If you have run any kind of road race in the past 20 years, you have probably come across a group from Team in Training (TNT). Their purple singlets stand out along the race course, as do the pom poms, signs, and cowbells that their supporters always seem to wave. I know that public opinion of the group is mixed. For everyone who loves the organization and what they stand for, there are others who believe that the group is a nuisance in a variety of ways. I respect that difference of opinion, but I must say that for me, after 12 years of involvement with the group, my experience has been overwhelmingly positive.
For those of you who don’t know, Team in Training is a division of The Leukemia & Lymphoma Society (LLS), and one of the first ever fundraising endurance training programs. Team in Training participants agree to raise money for LLS, in exchange for coaching to help them complete a road race, cycling event, or triathlon. When I first signed up for TNT in 2003, I was a running newbie who relied heavily on my coach’s advice to make it through the race. I have stayed involved over the years because I truly believe in the amazing work the LLS does.
I could probably write a whole blog about my varied TNT experiences, and over time, I would love to share more stories with you. Today, however, I want to share my reason for mentioning Team in Training at this point in time. After several years away from fundraising, I am rejoining the Team as a participant in this year’s Marine Corps Marathon. Our school just lost one of our 7th grade students to complications from leukemia two weeks ago. Whenever I hear of a child who is plagued by cancer, I find myself feeling angry and helpless. Signing up with Team in Training is a way for me to counteract those feelings and move into action. Over the years, I have been fortunate to raise more than $20,000 for the society, something that would have been nearly impossible for me to achieve without my involvement with TNT. As I have sat this weekend, printing out fundraising letters, and writing out envelopes, I felt hopeful. Hopeful that one day, the work that we do and the money we raise will prevent another family from having to face the heartbreak of a cancer diagnosis.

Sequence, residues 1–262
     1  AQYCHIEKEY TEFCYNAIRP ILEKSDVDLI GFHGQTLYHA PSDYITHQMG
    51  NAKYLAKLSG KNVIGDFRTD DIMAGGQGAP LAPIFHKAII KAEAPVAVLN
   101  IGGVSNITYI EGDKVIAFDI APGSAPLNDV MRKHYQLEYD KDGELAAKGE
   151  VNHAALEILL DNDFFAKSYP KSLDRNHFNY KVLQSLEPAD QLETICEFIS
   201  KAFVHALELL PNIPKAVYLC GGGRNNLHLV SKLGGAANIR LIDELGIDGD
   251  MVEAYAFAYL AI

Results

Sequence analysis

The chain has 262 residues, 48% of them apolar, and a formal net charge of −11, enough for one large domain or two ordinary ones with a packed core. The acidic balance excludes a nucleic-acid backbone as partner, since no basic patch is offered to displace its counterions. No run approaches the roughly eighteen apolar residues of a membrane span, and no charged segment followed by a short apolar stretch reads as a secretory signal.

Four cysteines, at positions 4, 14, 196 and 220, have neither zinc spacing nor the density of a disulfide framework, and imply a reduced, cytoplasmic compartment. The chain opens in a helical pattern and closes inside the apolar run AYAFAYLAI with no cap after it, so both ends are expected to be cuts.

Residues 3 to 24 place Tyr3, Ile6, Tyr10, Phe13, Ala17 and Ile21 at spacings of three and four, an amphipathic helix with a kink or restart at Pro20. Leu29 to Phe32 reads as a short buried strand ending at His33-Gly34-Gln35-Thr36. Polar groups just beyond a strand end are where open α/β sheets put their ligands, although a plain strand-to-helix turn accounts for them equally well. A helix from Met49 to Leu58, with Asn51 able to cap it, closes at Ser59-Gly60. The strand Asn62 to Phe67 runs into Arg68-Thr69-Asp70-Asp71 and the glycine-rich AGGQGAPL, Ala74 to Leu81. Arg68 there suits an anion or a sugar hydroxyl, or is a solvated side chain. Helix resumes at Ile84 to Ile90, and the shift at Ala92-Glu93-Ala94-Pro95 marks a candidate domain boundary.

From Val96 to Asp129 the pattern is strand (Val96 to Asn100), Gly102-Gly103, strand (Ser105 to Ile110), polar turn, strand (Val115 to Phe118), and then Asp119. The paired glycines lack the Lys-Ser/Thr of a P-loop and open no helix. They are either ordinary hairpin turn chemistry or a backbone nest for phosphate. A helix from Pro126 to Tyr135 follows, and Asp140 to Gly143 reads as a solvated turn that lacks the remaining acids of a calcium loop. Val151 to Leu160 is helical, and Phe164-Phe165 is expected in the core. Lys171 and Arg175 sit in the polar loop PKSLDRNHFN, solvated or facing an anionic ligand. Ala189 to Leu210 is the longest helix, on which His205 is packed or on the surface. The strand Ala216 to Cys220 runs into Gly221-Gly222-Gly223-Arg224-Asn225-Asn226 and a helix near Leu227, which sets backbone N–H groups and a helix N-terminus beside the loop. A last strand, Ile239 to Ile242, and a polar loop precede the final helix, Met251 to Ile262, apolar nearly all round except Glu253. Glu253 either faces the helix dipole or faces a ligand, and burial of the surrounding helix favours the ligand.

I will continue to share my Team in Training experience this season on this blog. If you would like to support my fundraising, please travel to my TNT webpage here.